Trayvon Martin rallies took place across the US Saturday. Their tone and nonviolence point to how their organizer, the Rev. Al Sharpton, has evolved.
The protests against the verdict in the George Zimmerman murder trial so far been overwhelmingly peaceful – and the rallies in more than 100 cities nationwide Saturday were no exception.
Given that the activism has come during the hottest days of summer – when tempers are more likely to flare, according to research – and has focused on perhaps the most divisive news event in America this year, the lack of violence is noteworthy. And while it is the result of a variety of factors, it is surely a reflection of those who have led the movement.
That list begins with Sybrina Fulton and Tracy Martin, the parents of the unarmed 17-year-old killed by Mr. Zimmerman in 2012. Though they clearly thought the neighborhood watch captain was guilty of racially profiling their son and went well beyond self-defense in shooting him, they have not openly antagonized Zimmerman. And from the beginning, Ms. Fulton and Mr. Martin have steadfastly condemned any violence.
But the Trayvon Martin rallies also cast a spotlight on their organizer: the Rev. Al Sharpton. Criticized for much of his career as a race-baiter and a self-promoter, Mr. Sharpton has begun to carve out a more nuanced image for himself during his advocacy for the Martins.
To be sure, with a radio program and a show on MSNBC, Sharpton still knows where to find the microphone. But the tone of his message has been different – still strident, still emphatic, but now more likely to play to the sentiments than to anger and divide.
His influence in the Trayvon Martin movement cannot be underestimated. He was one of the first to bring attention to the case through his television program, and he has been the leading activist in keeping the case in the public eye. While that dual role evokes concern among the media – where he represents the most extreme case of the blurring line between journalism and advocacy – it also suggests that the character of the Trayvon Martin movement bears the fingerprints of his leadership.
"He's been a voice of calm by addressing a lot of the frustration that people felt with the acquittal of George Zimmerman in wanting to take matters into their own hands," Professor Ogletree said. "He's made it very clear that violence is not an answer."
For example, the rallies on Saturday were for Trayvon and against "stand your ground" laws – not about attacking Zimmerman personally. The tone was combative, and speakers called for Zimmerman to be prosecuted on federal civil rights charges, but they also repeatedly sought common ground.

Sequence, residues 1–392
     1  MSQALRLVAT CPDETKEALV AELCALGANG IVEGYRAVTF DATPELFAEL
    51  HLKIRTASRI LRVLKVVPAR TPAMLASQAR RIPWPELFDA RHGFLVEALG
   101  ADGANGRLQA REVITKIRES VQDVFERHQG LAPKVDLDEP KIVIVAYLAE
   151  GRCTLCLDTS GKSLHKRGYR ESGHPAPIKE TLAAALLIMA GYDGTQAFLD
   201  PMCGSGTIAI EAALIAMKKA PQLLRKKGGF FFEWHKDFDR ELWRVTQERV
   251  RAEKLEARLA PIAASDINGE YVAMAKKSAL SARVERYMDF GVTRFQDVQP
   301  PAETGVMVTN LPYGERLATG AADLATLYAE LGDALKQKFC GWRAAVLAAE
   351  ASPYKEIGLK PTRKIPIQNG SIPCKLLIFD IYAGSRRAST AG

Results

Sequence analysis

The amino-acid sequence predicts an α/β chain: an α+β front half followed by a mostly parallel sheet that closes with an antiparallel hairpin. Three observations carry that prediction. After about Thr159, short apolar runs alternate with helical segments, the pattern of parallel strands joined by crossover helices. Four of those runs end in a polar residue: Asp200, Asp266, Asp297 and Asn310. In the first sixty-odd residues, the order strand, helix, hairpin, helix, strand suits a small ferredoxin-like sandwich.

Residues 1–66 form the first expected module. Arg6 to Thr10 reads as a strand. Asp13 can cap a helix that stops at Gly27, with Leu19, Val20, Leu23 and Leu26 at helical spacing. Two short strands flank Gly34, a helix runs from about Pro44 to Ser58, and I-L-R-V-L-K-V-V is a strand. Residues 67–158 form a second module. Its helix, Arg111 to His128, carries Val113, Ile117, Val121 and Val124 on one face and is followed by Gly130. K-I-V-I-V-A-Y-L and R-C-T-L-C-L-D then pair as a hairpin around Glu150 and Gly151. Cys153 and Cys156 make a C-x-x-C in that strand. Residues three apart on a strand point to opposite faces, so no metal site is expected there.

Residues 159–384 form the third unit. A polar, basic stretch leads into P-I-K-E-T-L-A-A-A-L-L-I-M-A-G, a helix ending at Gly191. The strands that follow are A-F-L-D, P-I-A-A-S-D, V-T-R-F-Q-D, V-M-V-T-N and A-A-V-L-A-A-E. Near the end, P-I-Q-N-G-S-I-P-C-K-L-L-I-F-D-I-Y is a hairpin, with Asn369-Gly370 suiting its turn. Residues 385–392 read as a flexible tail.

At the New York rally, which Sharpton attended, Fulton said: "Today it was my son. Tomorrow it might be yours." In Miami, Martin made the same point: "This could be any one of our children," he said. "Our mission now is to make sure that this doesn't happen to your child."
Sharpton, too, spoke without personal animus, but drawing on the comments of the president and his administration, sought to focus the "Justice for Trayvon" movement on the larger issue of laws that, they say, unnecessarily promote deadly violence.
"We are trying to change laws so that this never, ever happens again," said Sharpton.
He will have ample opportunity to spread that message. He often promotes his own rallies on his MSNBC program.
"Perspective in covering the news is one thing, but when it moves from perspective to activism, and you're actually one of the people driving the story you’re covering – that’s a little bit strange," Lucy Dalglish, dean of the University of Maryland’s college of journalism, told The Washington Post. "There have got to be some people at NBC who are very troubled by this. Or there should be."
But MSNBC officials say they knew what they were getting when they hired Sharpton in 2011. MSNBC essentially exempted him the network policy banning commentators from becoming active in political causes. Its rule has been transparency about Sharpton's activities.
"We didn't hire him to be just another news host. I knew who we were hiring," MSNBC's president, Phil Griffin, told the Post. "He brings to our channel a different voice, and a voice who speaks about issues that are not being talked about regularly anywhere else."
It is a measure of Sharpton's evolution that a major news network – even one as left-leaning as MSNBC – would feel comfortable putting him in front of the cameras nightly. For Sharpton, "going mainstream," it seems, has meant a much wider sphere of influence.